“Corsair fighter looses its load of rocket projectiles on a run against a Japanese stronghold on Okinawa. In the lower background is the smoke of battle as Marine units move in to follow up with a Sunday punch.”
World War II Confederates and the storming of Shuri Castle,
On April 1st, 1945, over 500,000 soldiers and marines of the 10th Army invaded Okinawa with the intent of wresting control of the islands from the Japanese Army. The fighting was fierce and bloody, lasting 82 days. One key strategic point in Okinawa was Shuri castle, and ancient fortification dating back to the Middle Ages. The Japanese had occupied the castle and were using it as a headquarters.
On May 29th, Major General Del Valle ordered the 5th Marine regiment, commanded by Capt. Julius Dusenberg to storm the castle. After a short but fierce battle, the marines wrested control of the castle from the Japanese. Like the capture of Mount Suribachi at Iwo Jima, it was time to raise the colors over their hard won castle. However, the flag raising that occurred next was nothing like flag raising at Iwo Jima.
Capt. Dusenberg, a native South Carolinian, produced a Confederate battle flag from his helmet, which was raised above the Medieval Ryukyuan castle to the shrieks of rebel yells. One Marine (a New Englander) who witnessed the flag raising remarked, “What does he want now? Should we sing ‘Dixie?’”. If ever there was an inspiration for a Harry Turtledove alternative history novel, this would be it.
The Star and Bars flew over Shuri Castle for two days before it was replaced with the Stars and Stripes. The flag was presented to 10th Army commander Lt. Gen. Simon Bolivar Buckner Jr., whose father was Gen. Simon Buckner Sr., famous for surrendering Fort Donelson to Grant during the Civil War.
Girls from Chiran High School wave cherry blossoms as they bid farewell to Second Lieutenant Toshio Anazawa and his Ki-43 “Hayabusa” fighter. Anazawa was a kamikaze pilot bound for American ships off Okinawa. April 12, 1945
From a gaping hole blasted in the side of a theatre in Naha, a Marine observes what is left of the Okinawan city after it was flattened by American bombardment. Only the skeletons of the sturdiest buildings remain. June 13, 1945
“U.S. invasion forces establish a beachhead on Okinawa island, about 350 miles from the Japanese mainland, on April 13. 1945. Pouring out war supplies and military equipment, the landing crafts fill the sea to the horizon, in the distance, battleships of the U.S. fleet.”
“Perched on the rim of a gaping hole in the wall of a theater in the Ryukyu capital, a Marine rifleman views the result of the American bombardment of Naha, Okinawa, Japan, on June 13, 1945. Structure skeletons are all that remain of the city with a pre-invasion population of 443,000 people.”
Andrew Garfield is radiant. This may be particularly noticeable because we’re having breakfast at the upscale vegan restaurant Café Gratitude in Venice, Calif., which is the epicenter of wellness culture in Los Angeles, crowded with surfers and yogis smiling beatifically on a sunlit patio. But it’s not just the environment—out of Garfield pours the easy charm of someone who’s done powerful soul-searching and found enlightenment. It’s an infectious energy.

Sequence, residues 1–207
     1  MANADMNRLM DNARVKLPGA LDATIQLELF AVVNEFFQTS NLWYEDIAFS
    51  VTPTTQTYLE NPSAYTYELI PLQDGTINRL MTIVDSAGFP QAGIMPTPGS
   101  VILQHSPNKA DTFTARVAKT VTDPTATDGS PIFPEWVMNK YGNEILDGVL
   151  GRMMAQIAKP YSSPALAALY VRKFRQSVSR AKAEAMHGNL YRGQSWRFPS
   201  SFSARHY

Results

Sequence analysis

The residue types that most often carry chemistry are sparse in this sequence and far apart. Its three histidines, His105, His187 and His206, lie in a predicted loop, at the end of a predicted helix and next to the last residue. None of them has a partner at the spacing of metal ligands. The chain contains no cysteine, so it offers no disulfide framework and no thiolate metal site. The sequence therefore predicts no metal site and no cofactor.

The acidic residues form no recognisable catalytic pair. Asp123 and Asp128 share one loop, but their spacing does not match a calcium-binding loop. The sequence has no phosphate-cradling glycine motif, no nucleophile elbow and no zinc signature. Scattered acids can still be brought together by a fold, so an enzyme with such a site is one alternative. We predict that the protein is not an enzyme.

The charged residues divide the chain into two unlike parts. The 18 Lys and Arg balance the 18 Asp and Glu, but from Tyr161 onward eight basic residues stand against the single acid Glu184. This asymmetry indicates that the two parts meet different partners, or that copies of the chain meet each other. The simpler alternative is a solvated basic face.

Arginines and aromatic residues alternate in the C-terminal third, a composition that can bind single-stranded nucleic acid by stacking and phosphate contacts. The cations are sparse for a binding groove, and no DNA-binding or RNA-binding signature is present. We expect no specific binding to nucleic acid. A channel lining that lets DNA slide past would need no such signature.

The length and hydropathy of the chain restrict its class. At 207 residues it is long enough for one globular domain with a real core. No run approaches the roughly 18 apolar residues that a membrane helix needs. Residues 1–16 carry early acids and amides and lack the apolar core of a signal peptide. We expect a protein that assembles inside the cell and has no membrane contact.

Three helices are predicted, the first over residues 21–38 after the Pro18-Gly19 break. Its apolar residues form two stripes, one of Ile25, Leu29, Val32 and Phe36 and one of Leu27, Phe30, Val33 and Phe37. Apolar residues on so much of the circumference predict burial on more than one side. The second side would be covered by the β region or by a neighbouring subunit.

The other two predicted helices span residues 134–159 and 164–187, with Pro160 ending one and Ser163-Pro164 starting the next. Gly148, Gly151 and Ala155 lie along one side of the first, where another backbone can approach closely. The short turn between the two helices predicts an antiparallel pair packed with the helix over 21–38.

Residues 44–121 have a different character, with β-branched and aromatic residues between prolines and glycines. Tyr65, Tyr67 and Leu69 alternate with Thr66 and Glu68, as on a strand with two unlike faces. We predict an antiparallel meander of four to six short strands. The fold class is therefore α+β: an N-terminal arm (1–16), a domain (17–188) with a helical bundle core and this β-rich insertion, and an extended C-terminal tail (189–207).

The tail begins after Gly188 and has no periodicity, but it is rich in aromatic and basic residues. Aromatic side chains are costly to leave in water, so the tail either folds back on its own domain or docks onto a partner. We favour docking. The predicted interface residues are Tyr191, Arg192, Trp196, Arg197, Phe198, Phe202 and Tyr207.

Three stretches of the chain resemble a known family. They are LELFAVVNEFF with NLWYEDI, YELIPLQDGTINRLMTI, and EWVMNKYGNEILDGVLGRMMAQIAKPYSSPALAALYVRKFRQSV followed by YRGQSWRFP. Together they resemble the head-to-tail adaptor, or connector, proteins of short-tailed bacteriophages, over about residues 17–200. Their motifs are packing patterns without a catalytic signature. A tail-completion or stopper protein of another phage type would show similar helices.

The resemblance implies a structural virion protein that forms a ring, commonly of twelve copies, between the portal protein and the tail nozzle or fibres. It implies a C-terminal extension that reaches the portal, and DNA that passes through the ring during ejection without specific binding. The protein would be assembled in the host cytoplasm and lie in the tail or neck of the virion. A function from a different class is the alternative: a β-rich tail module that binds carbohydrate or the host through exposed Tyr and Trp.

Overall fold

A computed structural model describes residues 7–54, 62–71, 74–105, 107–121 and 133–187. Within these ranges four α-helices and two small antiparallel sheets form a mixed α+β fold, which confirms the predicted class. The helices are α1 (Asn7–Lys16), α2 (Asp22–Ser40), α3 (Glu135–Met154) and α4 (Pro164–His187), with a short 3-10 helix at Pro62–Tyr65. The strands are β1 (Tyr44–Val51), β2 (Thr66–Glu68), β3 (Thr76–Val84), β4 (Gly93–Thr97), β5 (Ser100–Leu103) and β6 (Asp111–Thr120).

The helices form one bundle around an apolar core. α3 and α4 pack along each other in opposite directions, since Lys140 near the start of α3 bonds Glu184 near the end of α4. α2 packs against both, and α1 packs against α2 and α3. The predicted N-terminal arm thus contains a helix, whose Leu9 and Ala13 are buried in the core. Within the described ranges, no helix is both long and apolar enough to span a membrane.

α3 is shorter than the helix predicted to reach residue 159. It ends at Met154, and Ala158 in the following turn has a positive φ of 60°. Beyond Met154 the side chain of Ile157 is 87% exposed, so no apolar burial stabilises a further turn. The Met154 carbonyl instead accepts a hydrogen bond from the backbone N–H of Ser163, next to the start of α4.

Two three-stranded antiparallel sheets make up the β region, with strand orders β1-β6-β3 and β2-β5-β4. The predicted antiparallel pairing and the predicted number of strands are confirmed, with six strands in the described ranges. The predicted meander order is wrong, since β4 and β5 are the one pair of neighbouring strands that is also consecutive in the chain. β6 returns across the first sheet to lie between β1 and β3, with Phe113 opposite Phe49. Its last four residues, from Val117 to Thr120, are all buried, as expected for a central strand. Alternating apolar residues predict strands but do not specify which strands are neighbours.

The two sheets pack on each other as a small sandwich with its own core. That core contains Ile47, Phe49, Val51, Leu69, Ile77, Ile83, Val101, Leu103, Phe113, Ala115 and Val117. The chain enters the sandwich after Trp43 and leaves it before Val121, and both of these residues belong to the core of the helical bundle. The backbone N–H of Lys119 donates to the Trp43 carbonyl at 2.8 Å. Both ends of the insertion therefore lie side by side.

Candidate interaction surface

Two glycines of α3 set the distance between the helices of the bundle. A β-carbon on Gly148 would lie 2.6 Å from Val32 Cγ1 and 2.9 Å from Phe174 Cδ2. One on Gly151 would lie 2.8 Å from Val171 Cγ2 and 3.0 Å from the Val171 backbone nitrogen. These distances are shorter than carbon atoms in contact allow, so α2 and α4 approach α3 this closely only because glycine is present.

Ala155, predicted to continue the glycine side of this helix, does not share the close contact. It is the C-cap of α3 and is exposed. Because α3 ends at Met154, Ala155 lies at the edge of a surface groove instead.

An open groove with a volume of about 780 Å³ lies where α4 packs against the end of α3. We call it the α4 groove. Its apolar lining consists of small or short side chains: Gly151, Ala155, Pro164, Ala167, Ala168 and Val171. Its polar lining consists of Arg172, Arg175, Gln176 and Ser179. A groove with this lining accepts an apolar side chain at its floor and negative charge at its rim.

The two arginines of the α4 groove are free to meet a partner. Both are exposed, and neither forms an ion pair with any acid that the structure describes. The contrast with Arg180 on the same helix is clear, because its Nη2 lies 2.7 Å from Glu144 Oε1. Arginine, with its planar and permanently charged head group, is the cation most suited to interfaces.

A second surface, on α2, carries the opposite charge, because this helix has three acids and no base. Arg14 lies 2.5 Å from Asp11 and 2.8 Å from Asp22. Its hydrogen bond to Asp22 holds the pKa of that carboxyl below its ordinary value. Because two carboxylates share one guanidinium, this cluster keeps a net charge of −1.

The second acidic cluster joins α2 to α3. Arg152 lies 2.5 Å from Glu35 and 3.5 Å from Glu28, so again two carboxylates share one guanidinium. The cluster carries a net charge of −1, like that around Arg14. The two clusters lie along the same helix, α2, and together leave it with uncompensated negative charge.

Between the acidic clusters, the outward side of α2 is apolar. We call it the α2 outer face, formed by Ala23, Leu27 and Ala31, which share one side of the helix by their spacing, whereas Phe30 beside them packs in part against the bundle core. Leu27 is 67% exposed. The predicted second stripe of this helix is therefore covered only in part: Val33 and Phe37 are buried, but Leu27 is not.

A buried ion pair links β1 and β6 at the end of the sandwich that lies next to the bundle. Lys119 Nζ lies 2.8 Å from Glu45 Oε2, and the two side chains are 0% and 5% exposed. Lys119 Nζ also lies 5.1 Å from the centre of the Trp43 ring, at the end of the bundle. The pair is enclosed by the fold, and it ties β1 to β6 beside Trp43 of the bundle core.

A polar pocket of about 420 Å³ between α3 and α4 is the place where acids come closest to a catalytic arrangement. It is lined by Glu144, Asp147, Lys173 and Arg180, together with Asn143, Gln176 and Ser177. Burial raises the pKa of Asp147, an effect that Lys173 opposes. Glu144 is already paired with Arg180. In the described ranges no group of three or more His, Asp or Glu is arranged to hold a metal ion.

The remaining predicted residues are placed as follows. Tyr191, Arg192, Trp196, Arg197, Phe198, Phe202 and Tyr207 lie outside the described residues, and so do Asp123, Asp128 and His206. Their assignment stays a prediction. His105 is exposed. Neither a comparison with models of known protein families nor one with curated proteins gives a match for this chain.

It’s also probably not a surprise, given that the actor, 33, stars in two back-to-back films this winter, in each of which he plays men spurred by faith to do the unimaginable. First, there’s Mel Gibson’s Hacksaw Ridge (out Nov. 4), in which Garfield gives an awards-worthy performance as conscientious objector Desmond Doss, a Seventh-Day Adventist who served as a medic during World War II in the gruesome Battle of Okinawa, though he refused to carry a weapon. The film makes Doss’ heroism feel intimate and deeply personal; the film’s violence is harrowing, but it’s anchored by Garfield’s sensitive, humane performance. Then, on Dec. 23, he stars in Martin Scorsese’s Silence, in which he plays a 17th-century Jesuit priest who travels to Japan to minister to outlawed Christians.
These projects have led Garfield on a journey of spiritual discovery and self-interrogation; reflecting on his recent work, he is philosophical but not at all self-serious. We talked about God, Mel Gibson and the presidential election.
TIME: What drew you to the character of Desmond Doss?
Andrew Garfield: First, it was beautifully written. The character was so compelling—it was one of those stories that rang a bell inside me. I’m pretty good at saying no to things, at discerning between what I’m supposed to do and what I’m not supposed to do. With this one I felt compelled enough that I knew my drive to do it would supersede any doubt I had about myself being able to do it. If the longing to do it goes beyond my self-doubt, then I’m in.